Pancreatitis

Pancreatitis occurs in both dogs and cats. The pancreas is located between the stomach and the duodenum (part of the small intestine). It is an organ responsible for producing enzymes which aid in food digestion as well as producing hormones such as insulin which are secreted into the blood.

If disease or trauma causes these enzymes to be activated in the pancreas before they are released to digest food, they will begin digesting the pancreas. This causes severe inflammation of the pancreas called pancreatitis causing the abdomen to be tender and painful. Pancreatitis can be acute (sudden onset) or chronic (a long term problem).

Clinical signs

The signs can vary to include:

  • Lack of appetite
  • Vomiting and diarrhoea
  • Tender abdomen
  • Increased drinking
  • Dehydration
  • Weakness
  • High temperature

Causes of pancreatitis

The exact cause of pancreatitis is often not known but there can be underlying factors.

  • Obesity-Many pets diagnosed with pancreatitis are overweight. Dogs are particularly susceptible to developing pancreatitis after eating food with a high fat content, especially human food.
  • Abdominal surgery or trauma to the abdomen eg. road traffic accident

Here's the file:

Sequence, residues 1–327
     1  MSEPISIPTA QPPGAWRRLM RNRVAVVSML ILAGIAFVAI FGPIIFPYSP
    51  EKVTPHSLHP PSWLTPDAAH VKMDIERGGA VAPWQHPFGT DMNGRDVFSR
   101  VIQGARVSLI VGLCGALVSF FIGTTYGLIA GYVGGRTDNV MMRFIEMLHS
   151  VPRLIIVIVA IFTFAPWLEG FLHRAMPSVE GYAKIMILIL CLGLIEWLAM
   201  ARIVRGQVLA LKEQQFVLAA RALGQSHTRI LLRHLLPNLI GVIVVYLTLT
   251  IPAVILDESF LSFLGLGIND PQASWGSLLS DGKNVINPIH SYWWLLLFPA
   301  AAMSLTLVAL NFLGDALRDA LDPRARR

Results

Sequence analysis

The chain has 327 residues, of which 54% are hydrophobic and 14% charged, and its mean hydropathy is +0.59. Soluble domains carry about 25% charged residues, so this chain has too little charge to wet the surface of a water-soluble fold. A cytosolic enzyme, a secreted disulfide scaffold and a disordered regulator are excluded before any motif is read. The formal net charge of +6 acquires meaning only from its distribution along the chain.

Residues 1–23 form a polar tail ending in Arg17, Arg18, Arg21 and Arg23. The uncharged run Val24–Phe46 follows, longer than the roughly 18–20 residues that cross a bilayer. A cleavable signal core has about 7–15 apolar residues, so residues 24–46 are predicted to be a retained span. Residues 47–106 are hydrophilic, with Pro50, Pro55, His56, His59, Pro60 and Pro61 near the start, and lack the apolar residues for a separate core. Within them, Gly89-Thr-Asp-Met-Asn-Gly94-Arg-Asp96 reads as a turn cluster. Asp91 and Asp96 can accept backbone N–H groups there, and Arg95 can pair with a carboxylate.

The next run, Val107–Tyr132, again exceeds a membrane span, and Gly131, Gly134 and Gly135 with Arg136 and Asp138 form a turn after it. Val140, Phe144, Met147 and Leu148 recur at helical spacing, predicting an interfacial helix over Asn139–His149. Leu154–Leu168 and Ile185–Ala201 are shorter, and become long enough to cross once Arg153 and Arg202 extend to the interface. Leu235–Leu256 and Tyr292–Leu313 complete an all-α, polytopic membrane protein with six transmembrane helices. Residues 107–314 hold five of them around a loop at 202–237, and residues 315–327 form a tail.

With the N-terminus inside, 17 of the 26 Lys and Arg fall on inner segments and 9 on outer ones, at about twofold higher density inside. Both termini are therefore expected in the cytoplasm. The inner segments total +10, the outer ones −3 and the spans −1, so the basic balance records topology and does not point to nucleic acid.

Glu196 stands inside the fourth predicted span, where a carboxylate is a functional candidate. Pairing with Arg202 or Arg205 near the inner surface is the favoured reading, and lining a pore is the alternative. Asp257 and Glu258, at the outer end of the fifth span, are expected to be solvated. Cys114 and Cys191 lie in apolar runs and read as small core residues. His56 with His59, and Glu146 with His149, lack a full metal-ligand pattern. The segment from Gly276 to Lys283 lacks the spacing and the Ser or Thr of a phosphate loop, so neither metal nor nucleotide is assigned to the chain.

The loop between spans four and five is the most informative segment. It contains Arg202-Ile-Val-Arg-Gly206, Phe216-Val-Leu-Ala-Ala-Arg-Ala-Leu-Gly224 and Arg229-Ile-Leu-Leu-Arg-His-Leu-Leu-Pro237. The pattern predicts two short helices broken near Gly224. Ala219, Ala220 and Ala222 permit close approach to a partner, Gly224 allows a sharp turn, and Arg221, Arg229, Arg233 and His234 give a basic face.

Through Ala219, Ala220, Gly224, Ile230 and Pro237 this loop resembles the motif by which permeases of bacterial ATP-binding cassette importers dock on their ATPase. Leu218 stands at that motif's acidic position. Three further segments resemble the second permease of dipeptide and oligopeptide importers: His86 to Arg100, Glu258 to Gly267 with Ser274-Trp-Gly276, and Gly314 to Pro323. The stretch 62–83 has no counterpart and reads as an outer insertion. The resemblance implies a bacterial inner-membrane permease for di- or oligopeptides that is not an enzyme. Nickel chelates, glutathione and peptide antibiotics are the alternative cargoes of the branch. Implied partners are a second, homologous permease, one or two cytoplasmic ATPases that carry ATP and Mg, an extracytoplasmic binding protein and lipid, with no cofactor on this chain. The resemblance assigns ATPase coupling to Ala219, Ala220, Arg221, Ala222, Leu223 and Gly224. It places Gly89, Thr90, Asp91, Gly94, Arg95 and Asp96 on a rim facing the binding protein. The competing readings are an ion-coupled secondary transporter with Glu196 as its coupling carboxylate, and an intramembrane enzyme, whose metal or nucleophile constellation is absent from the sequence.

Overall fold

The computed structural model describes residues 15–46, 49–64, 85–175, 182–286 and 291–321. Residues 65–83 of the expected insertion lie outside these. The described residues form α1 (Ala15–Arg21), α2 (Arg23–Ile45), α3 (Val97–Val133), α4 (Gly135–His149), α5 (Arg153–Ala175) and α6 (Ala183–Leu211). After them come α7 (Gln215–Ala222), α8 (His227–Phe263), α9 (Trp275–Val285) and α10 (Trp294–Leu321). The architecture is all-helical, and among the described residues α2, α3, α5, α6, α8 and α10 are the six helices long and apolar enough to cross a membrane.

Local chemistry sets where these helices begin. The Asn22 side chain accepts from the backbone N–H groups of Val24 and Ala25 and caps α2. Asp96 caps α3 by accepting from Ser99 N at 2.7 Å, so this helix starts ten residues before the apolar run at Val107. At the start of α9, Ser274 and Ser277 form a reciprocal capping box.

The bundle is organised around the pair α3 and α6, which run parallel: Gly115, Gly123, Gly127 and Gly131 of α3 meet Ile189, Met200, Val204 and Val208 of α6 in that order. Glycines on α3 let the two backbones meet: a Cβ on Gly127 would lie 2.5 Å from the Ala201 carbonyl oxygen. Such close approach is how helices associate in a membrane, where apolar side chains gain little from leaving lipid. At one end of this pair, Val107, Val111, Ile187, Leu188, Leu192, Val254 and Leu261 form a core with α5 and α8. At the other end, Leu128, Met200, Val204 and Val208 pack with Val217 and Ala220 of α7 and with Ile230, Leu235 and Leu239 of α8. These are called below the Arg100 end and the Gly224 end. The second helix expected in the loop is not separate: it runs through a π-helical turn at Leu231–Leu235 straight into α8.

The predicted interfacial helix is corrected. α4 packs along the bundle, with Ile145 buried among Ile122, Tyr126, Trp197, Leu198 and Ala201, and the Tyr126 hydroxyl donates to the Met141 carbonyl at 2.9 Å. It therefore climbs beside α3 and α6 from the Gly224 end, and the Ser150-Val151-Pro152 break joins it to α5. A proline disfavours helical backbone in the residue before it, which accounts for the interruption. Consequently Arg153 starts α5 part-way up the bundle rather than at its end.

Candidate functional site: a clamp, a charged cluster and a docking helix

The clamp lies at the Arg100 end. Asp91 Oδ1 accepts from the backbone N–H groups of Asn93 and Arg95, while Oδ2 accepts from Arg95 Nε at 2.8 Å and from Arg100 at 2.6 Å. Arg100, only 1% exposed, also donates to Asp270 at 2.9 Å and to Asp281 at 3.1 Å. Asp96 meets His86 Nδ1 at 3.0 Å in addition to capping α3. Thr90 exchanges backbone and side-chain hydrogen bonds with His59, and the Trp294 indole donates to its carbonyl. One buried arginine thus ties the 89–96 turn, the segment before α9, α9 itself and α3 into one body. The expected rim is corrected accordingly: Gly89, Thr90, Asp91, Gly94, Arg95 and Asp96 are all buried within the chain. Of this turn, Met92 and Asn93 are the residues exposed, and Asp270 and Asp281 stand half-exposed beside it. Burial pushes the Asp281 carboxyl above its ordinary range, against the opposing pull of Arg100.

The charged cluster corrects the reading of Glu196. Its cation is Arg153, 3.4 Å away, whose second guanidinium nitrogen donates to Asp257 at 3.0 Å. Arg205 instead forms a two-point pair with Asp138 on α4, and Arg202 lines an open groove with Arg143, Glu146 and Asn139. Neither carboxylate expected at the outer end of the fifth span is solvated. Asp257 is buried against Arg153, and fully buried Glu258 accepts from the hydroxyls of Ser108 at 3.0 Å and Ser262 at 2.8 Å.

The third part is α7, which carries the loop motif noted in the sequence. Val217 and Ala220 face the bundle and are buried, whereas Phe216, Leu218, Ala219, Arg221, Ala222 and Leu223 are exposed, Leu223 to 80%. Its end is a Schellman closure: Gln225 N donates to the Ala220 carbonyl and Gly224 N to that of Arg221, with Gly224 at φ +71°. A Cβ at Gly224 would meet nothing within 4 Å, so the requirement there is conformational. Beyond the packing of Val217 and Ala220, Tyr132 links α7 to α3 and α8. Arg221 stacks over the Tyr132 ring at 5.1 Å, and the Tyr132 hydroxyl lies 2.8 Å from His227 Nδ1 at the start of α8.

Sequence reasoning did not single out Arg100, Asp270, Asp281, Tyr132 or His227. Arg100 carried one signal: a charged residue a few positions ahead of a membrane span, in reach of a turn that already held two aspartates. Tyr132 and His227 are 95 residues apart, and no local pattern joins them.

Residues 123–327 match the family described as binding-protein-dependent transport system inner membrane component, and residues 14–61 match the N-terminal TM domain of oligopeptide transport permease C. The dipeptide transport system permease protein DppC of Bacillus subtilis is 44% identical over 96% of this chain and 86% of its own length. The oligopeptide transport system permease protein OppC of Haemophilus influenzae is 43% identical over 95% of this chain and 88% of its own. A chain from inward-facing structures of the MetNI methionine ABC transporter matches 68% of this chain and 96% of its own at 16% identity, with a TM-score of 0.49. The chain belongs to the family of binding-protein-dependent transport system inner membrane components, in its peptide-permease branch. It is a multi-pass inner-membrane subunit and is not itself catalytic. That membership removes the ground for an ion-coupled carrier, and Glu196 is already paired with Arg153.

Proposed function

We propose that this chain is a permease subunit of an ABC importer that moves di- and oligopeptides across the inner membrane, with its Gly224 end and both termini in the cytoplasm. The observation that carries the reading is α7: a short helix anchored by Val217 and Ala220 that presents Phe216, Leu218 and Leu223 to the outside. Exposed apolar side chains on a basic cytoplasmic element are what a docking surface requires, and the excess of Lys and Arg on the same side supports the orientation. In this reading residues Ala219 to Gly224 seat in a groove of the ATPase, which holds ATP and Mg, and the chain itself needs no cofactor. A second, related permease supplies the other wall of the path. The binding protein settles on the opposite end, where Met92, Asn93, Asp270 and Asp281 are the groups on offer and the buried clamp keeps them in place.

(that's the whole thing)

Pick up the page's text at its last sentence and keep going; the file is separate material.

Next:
• Metabolic disorders
  • Infections
  • Small intestinal problems

Diagnosis of pancreatitis

Your veterinary surgeon will perform a full clinical examination and will require a thorough history. A blood sample is taken to test for pancreatitis enzymes present in the blood (amylase and lipase). A more sensitive and specific test will also be recommended called feline or canine pancreatic lipase immunoreactivity. This is tested for in-house for an immediate result of positive or negative. If a more accurate evaluation is required to determine a numerical level of pancreatitis enzymes present, the sample may be sent to an external laboratory for testing which takes a few days. Sometimes further investigation is required and this usually involves X-Rays and/or ultrasound. Diagnosis of pancreatitis in cats is more difficult as blood analysis does not always show the same abnormalities as in dogs. Cats do not always vomit with pancreatitis and may only show signs of anorexia, lethargy and abdominal pain.

Treatment of pancreatitis

Treatment of pancreatitis varies depending on the severity. Usually intravenous fluids are administered to correct dehydration and pain relief is given to keep your pet as comfortable as possible. Anti nausea drugs and sometimes appetite stimulants are required. Once stable your pet is encouraged to eat. If lack of appetite has been a problem then encouraging any eating by offering especially tasty food like chicken or white fish is vital. The patient is fed several small meals little and often throughout the day. Once their appetite is regained they should then only be fed on a special prescription low fat food containing highly digestible nutrients and a minimum amount of fat. Some patients will be recommended a special prescription low fat food for the rest of their lives.